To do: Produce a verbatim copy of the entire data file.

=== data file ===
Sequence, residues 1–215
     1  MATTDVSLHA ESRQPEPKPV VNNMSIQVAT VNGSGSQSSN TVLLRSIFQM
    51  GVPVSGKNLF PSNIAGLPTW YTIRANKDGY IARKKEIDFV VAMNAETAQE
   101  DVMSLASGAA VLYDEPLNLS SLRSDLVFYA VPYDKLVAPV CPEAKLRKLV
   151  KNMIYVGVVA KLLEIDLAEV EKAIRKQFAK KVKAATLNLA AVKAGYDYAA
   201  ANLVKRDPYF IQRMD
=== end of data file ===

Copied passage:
Sequence, residues 1–215
     1  MATTDVSLHA ESRQPEPKPV VNNMSIQVAT VNGSGSQSSN TVLLRSIFQM
    51  GVPVSGKNLF PSNIAGLPTW YTIRANKDGY IARKKEIDFV VAMNAETAQE
   101  DVMSLASGAA VLYDEPLNLS SLRSDLVFYA VPYDKLVAPV CPEAKLRKLV
   151  KNMIYVGVVA KLLEIDLAEV EKAIRKQFAK KVKAATLNLA AVKAGYDYAA
   201  ANLVKRDPYF IQRMD